Natural resources provide essential inputs for human society such as food, energy and water. However, sustainable use of natural resources, ensuring quality of life for all, is threatened by many factors such as misallocation of resources, strategic interactions between users, ineffective governance, and global environmental changes. Our research addresses how we can use natural resources sustainably considering the interactions between the biophysical and the socio-economic systems.
First, we use bio-economic optimization models that account for current and future welfare to inform policy makers how to use scarce resources efficiently. Second, we develop game-theoretical models to shed light on the strategic interactions between resource users. Third, we develop social-ecological systems models to study the institutions that govern the use of natural resources in response to global environmental changes. We combine those approaches to analyse renewable resources such as fisheries, forests and water, and non-renewable resources such as phosphorus. We use theoretical and empirical methods to provide novel scientific insights and policy recommendations.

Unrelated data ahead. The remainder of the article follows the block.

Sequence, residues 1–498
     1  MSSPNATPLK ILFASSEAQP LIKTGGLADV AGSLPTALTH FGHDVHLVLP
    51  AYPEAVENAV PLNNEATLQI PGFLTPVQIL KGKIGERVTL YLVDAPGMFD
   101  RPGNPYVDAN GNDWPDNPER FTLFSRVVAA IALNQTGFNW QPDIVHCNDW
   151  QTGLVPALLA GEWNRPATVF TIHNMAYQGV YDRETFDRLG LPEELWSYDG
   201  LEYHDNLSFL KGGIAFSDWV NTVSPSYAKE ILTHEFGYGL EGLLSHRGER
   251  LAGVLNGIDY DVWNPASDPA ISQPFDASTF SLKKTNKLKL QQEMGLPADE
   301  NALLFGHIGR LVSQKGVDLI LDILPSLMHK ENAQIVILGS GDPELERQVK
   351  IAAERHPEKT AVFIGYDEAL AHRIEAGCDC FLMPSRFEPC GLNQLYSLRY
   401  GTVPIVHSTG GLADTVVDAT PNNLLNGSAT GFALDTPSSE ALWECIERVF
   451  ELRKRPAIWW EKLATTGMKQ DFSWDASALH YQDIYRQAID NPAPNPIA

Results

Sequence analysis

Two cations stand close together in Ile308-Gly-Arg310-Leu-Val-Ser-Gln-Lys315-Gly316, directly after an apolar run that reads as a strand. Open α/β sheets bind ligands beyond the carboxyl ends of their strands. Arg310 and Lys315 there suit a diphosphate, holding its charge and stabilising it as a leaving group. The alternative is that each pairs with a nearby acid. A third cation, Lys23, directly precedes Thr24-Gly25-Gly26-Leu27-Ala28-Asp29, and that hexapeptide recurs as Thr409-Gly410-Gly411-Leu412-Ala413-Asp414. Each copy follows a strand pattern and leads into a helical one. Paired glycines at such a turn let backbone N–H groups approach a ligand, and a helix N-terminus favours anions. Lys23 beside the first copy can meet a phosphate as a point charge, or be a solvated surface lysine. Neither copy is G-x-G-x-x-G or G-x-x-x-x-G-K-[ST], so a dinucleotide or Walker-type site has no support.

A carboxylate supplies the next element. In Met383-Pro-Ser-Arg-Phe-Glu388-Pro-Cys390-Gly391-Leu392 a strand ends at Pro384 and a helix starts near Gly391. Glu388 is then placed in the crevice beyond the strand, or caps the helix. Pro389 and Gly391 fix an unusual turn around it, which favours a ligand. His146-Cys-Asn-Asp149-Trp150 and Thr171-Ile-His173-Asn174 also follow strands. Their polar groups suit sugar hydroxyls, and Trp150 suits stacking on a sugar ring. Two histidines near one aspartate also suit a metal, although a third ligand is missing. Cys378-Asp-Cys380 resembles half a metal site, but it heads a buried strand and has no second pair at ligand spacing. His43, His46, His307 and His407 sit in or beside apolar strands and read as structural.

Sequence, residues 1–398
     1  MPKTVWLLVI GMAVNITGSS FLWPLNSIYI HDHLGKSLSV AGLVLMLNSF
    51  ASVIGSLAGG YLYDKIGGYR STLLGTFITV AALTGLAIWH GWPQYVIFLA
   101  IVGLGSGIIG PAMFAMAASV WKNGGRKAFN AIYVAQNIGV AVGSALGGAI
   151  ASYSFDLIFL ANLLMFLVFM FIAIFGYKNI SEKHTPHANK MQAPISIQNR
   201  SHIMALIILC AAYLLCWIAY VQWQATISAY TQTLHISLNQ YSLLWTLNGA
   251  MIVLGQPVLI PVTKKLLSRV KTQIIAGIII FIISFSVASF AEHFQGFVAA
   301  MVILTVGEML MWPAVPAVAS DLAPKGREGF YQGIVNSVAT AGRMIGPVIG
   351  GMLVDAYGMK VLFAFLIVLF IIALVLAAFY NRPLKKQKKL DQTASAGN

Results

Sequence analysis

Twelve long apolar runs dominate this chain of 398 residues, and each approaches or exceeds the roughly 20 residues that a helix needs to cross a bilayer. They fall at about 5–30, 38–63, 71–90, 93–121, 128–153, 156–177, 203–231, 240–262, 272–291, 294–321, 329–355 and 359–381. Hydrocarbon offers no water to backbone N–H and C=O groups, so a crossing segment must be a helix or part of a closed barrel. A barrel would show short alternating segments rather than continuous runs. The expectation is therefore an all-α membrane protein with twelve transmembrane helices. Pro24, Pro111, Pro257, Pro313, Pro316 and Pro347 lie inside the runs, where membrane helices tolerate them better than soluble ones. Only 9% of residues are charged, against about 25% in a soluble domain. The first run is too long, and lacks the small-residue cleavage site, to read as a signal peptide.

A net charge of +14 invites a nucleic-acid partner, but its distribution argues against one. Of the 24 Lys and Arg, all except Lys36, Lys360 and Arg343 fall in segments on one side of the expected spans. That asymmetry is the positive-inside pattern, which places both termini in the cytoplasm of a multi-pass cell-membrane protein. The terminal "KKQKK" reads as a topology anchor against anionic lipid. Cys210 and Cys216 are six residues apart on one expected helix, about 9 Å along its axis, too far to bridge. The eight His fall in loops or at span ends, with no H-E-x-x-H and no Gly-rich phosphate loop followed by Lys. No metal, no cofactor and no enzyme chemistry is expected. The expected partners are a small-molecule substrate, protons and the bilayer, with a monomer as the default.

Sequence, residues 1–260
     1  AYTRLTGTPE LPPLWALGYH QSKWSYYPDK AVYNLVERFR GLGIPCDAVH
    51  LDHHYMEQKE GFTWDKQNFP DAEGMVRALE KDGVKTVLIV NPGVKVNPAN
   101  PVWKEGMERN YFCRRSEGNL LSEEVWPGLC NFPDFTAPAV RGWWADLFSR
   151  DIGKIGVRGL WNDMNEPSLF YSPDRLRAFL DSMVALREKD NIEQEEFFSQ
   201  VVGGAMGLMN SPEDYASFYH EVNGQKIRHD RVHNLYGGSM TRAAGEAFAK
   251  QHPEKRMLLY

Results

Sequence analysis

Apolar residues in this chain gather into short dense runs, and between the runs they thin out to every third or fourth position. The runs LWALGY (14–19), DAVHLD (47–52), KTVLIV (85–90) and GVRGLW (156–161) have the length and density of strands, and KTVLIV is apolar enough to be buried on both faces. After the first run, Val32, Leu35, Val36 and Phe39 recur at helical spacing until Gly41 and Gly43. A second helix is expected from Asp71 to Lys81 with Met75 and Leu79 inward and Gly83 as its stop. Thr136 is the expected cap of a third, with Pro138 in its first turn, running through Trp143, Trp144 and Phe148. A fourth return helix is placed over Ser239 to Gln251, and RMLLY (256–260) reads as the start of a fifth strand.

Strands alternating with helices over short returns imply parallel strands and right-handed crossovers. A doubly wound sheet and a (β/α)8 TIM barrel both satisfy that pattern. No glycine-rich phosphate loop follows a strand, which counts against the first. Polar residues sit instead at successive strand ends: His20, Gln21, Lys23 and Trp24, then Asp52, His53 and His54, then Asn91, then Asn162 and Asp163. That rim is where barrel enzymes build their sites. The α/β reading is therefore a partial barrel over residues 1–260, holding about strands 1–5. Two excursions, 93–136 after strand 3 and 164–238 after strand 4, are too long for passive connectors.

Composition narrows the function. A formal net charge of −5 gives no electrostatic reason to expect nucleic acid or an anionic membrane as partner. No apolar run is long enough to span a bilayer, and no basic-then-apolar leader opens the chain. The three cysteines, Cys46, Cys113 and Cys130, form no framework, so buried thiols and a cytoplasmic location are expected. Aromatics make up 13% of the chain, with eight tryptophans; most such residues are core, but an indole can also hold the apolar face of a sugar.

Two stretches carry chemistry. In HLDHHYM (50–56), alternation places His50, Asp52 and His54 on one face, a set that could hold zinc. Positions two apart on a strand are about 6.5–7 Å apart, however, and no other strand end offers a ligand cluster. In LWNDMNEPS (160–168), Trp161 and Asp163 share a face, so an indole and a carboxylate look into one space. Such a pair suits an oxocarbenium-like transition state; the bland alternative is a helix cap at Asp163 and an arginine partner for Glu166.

Eikeset, A.M., A. Richter, E.S. Dunlop, U. Dieckmann, and N.C. Stenseth, 2013. The economic repercussions of fisheries-induced evolution. Proceedings of the National Academy of Sciences 110(30):12259-12264
Richter, A. and V. Dakos, 2015. Profit fluctuations signal eroding resilience of natural resources. Ecological Economics 117:12-21
R.A. Groeneveld and M.F. Quaas, 2016. Promoting selective fisheries through certification? An analysis of the PNA unassociated-sets purse seine fishery. Fisheries Research 182:69-78
T.W. Gezahegn and X. Zhu, 2016. How should urban water be priced? An empirical analysis for the city of Mekelle, Ethiopia. Urban Water Journal (Advance Online Publication)